The United Kingdom introduced the Global Anti-Corruption Sanctions Regulations 2021 on April 26, 2021. (the Regulations). The Sanctions and Anti-Money Laundering Act of 2018 establishes a new Global Anti-Corruption Sanctions Regime to fight serious corruption (SAMLA). Persons involved in "extreme corruption" around the world, described as "bribery" or "misappropriation of property," maybe named as sanctions targets under the Regulations. The following are comprehensive definitions of these terms:
- Bribery is described as providing financial or other advantages to a foreign public official in the form of financial or other facilities.
- Misappropriation of assets occurs when a strange public official illegally turns or allocates property assigned to them in their official capacity.
The Regulations enable the UK government to appoint individuals as asset-freeze targets, implement entry limits, or both for those who:
- Work for assets or financial instruments that belong to are governed by or are run by a specific individual.
- The asset-freeze sanctions prohibit making "funds" or "economic capital" available to or for the benefit of identified individuals, either directly or indirectly.
- Purposefully take actions that circumvent or "enable or facilitate" asset freeze offenses.
Becoming A Designated Individual Under the Regulations
The Regulations establish a set of requirements for deciding whether an individual is "involved" in serious corruption, including whether they are responsible for or participate in serious crime within the Regulations' framework. Moreover, under the Regulations, an individual can become a designated person if they:
- Facilitate or aid in the commission of severe corruption.
- Make a financial profit or get some other advantage from extreme corruption.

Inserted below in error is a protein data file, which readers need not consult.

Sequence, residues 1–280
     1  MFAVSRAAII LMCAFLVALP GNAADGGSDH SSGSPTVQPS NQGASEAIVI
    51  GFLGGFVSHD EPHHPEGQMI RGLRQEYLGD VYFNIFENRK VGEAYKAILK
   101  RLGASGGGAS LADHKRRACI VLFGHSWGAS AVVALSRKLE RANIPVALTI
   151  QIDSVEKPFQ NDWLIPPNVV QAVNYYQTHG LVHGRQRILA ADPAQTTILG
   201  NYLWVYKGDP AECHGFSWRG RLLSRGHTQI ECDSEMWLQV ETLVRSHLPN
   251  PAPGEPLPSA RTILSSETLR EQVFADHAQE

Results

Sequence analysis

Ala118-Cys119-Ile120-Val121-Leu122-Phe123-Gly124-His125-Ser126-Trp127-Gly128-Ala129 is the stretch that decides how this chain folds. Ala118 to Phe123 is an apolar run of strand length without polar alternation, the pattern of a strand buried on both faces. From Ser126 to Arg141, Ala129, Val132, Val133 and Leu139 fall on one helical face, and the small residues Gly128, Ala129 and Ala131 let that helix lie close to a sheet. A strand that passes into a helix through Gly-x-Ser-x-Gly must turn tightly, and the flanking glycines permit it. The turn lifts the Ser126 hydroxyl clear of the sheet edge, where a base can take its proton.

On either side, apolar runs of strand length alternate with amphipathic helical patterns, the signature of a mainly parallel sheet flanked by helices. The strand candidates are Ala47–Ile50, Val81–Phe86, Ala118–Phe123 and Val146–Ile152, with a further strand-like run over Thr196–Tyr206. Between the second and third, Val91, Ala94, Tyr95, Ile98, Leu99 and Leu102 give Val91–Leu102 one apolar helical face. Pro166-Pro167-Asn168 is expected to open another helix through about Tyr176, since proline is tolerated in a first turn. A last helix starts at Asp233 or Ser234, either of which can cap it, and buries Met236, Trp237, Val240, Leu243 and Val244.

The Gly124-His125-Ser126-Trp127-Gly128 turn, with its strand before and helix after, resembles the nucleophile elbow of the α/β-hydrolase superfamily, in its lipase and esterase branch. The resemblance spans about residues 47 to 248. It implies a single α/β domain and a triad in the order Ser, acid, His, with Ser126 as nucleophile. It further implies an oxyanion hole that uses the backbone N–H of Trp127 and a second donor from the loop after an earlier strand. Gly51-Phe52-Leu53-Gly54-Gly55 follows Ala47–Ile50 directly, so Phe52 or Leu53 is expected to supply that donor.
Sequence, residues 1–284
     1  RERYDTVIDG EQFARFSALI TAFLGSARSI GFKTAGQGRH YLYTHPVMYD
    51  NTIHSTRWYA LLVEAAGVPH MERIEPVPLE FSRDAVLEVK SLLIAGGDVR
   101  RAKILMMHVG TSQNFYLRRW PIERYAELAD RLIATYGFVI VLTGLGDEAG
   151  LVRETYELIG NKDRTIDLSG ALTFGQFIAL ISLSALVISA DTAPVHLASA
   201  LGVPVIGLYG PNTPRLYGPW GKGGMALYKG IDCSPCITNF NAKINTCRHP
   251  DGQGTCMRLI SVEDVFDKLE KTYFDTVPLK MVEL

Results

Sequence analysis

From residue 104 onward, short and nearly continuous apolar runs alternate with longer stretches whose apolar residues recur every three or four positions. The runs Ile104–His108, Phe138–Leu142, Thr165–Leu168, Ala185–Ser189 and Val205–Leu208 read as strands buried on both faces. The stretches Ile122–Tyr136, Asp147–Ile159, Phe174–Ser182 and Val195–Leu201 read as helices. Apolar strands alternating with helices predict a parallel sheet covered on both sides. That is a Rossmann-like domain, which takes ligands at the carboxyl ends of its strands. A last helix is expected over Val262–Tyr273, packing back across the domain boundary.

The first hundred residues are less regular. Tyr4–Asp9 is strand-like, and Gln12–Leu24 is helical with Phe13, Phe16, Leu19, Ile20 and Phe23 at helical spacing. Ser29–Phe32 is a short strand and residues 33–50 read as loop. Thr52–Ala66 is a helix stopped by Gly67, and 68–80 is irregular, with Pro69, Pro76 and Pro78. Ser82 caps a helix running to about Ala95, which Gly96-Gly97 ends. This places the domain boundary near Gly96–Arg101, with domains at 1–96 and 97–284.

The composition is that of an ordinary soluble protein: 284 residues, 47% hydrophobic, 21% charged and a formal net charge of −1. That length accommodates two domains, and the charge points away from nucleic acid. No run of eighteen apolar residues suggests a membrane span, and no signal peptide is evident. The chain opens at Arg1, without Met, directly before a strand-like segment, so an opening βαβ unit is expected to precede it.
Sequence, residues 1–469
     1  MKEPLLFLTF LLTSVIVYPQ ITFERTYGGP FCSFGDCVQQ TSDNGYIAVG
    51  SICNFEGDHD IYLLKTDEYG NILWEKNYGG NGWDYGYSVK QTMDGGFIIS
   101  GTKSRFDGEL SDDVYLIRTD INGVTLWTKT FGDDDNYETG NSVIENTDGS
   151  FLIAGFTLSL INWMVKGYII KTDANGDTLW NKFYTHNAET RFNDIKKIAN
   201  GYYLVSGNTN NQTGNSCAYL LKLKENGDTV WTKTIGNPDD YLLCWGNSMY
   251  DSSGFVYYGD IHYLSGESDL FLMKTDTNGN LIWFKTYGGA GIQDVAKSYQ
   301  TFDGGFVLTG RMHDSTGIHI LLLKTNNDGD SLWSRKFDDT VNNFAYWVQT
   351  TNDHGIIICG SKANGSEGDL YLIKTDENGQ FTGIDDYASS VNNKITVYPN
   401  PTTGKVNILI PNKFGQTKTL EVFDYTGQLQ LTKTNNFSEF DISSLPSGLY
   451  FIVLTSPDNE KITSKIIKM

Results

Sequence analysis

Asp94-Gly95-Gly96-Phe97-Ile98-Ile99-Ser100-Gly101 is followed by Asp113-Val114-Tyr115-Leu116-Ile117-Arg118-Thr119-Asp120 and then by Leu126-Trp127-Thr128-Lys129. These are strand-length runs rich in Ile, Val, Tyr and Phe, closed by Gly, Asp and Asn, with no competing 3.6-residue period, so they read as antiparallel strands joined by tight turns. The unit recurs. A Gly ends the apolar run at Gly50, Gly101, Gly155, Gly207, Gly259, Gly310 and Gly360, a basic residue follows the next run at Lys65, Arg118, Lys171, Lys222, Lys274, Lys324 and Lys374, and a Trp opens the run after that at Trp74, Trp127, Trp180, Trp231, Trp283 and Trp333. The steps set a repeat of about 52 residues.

- Hide or disguise severe crime or any benefit or proceeds from such corruption or make it easier to hide or camouflage serious corruption or any gain or benefit from such corruption.
- Failing to carry out their duty to investigate and prosecute serious wrongdoing, whether expressly or impliedly.
Interfere with any law enforcement or legal procedure in connection with serious corruption by using intimidation, violence, or physical force.
The Foreign Commonwealth & Development Office, like the Global Human Rights Sanctions Regulations, has published a strategy paper with a non-exhaustive list of reasons that the UK government considers while seeking classification, including:
- Priorities of the UK government's anti-corruption policy: Loss to countries outside the UK and the UK's national security and economic concerns are among these goals.
- The corruption's scope, essence, and impact: The UK government, for example, should determine whether: The behavior is structural, the behavior is institutional and/or sophisticated, the financial importance of the profit obtained is essential in comparison to the local context, and the behavior entails foreign parties destabilizing the countries involved.
- The rank, relations, and actions of the "applicant": The UK government should recognize the individual's place in an organization's hierarchy, as well as whether that person has specific ties to the UK, and whether that person will be adversely affected by the Regulations' movement or financial restrictions
- International collective action: UK management should consider whether international partners have implemented sanctions and whether any action taken by the UK will enhance the designation's efficacy in fighting the corruption in question.
- Retaliation risk: The UK government should consider whether a classification may have any unintended consequences, such as retaliation or physical or emotional damage to journalists, civil society organizations, or informants.
What Are the Implications?
The Regulations are the next step in the United Kingdom's efforts to establish an independent sanctions regime after Brexit. They draw on the Global Human Rights Sanctions Regulations published last year. The Regulations further show that the UK government is committed to defending good governance in terms of law and fostering free societies — both of which are threatened by significant corruption, as noted in the explanatory memorandum.
To fight extreme corruption, the government is prepared to use a range of techniques. The prospect of penalties, including asset freeze controls under the Regulations as part of the UK's wider anti-corruption agenda, will be an effective deterrent, complementing other legislation such as the UK Bribery Act 2010.
Businesses subject to UK sanctions must try to pursue precaution when transacting with designated individuals, particularly those newly appointed individuals targeted by the Regulations. Firms with a corporate strategy of not doing business with people subject to foreign and national sanctions policies should change their policies and practices to match the new regime. Failure to do so would also definitely result in financial and legal implications.